Don't make this Self-Directed IRA "Traditional vs. Roth IRA" mistake

Don’t Make this Self-Directed “Traditional vs. Roth IRA” Mistake

Do you know the difference between a Roth IRA and a Traditional IRA? It’s a bit of a pop quiz, but it highlights just how important it is to know your retirement accounts. Many people think they know what a Roth IRA does, but they may not know what a Traditional IRA does, and vice versa. With that in mind, why do so many investors make a decision as to which investment account or Self-Directed IRA is better for them, especially when they haven’t weighed all the options?

To help clarify, we thought we’d put together a brief primer on what separates a Self-Directed Traditional IRA from a Self-Directed Roth IRA. Here’s what you’ll need to know.

The Self-Directed Roth IRA: Key Attributes

The Roth IRA is a favorite among investors because of its ability to use after-tax contributions. At first glance, it might seem like a bad idea to use after-tax contributions, because that means that you don’t save money on your taxes in the short term. However, the Roth IRA’s designation of after-tax contributions means it’s more flexible to use. After all, that money has already been taxed; the IRS is less concerned with how people use after-tax money, since they’ve already collected the taxes owed.

This isn’t to say you can do whatever you want with a Roth IRA. There are still rules to pay attention to. However, what is important to note is that there’s more flexibility in two key areas:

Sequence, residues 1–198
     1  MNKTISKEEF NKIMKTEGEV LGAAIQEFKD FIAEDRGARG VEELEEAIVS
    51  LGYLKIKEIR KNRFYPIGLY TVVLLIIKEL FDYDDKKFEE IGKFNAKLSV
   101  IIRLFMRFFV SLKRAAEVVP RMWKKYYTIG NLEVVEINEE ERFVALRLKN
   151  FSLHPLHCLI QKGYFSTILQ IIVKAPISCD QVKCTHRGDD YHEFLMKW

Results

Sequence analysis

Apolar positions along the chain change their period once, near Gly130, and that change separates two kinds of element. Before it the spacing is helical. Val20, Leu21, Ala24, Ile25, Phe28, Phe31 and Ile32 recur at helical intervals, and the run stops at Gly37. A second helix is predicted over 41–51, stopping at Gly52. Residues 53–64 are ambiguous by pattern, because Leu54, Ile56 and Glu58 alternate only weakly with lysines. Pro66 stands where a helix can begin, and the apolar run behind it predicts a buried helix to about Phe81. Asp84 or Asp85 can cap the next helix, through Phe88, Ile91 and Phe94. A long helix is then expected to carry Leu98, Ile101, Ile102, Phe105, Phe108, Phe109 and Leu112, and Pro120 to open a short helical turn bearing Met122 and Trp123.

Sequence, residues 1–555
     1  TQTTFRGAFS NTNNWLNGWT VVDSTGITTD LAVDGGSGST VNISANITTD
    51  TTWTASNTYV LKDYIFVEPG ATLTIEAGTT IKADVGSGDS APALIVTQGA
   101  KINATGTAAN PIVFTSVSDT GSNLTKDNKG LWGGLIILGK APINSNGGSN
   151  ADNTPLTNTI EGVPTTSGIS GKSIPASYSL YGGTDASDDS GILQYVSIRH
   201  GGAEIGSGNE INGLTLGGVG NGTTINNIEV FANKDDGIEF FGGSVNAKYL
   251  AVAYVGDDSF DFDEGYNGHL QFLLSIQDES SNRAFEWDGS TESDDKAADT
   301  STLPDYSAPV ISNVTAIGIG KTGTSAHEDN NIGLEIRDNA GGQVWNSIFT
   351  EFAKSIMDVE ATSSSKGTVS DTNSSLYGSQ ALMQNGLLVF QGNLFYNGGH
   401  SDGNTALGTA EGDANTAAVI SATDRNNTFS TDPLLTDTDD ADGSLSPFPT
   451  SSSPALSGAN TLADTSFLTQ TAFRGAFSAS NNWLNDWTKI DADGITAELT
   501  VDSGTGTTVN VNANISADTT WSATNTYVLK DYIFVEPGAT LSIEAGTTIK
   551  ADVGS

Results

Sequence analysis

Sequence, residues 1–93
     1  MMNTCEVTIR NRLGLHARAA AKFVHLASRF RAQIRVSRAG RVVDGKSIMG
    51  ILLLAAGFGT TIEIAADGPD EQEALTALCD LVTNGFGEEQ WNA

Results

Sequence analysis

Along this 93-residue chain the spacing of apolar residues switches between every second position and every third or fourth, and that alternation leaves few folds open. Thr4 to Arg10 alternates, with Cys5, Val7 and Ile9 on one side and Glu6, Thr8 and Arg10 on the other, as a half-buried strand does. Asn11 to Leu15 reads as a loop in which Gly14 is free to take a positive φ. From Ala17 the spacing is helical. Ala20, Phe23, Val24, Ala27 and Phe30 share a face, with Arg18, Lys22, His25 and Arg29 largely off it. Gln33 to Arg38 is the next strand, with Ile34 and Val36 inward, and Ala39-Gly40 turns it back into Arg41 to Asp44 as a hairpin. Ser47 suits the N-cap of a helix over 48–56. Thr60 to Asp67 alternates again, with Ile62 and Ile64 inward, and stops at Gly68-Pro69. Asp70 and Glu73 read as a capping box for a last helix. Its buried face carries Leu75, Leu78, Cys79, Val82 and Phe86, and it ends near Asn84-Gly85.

• Taking money out that you’ve already contributed. After-tax money, after all, already has the taxes paid on it, so you’ll have more flexibility here than you would. You don’t owe taxes on money that’s already been taxed. With a Traditional IRA, taking money out would create a taxable event, even if you only take out your own contributions.
  • More options later in retirement. Since the money is already taxed—again, that’s an important point—investors can keep the money growing in a Roth IRA, with no required minimum distribution (RMD) after a certain age. RMDs are required for Traditional IRAs, however, so this represents a clear boundary between the two types of accounts.

The Self-Directed Traditional IRA: Key Attributes

Naturally, since the Traditional IRA uses before-tax money for contributions, it changes the game in a massive way. On the one hand, you can save short-term money by reducing your tax burden every year. On the other hand, you will have to pay taxes on that money when you take it out once you hit retirement age, and you will face RMDs that force you to remove this money from the account after a certain age.

The Mistake Most People Make in Weighing Traditional vs. Roth IRAs

The mistake most people make when weighing both? Not thinking about it. You should think about whether you want more options in retirement than you do now, or if you want to save money because you have a higher income now than you anticipate in retirement. It ultimately comes down to you, your plan, and what you believe will happen in the future.

As a Self-Directed IRA administration firm, we don’t offer specific investment advice along these lines. What we can do, however, is tell you all about the accounts that you’re looking into. Want to know more about how they work?

Interested in learning more about Self-Directed IRAs?  Contact American IRA, LLC at 866-7500-IRA (472) for a free consultation.  Download our free guides or visit us online at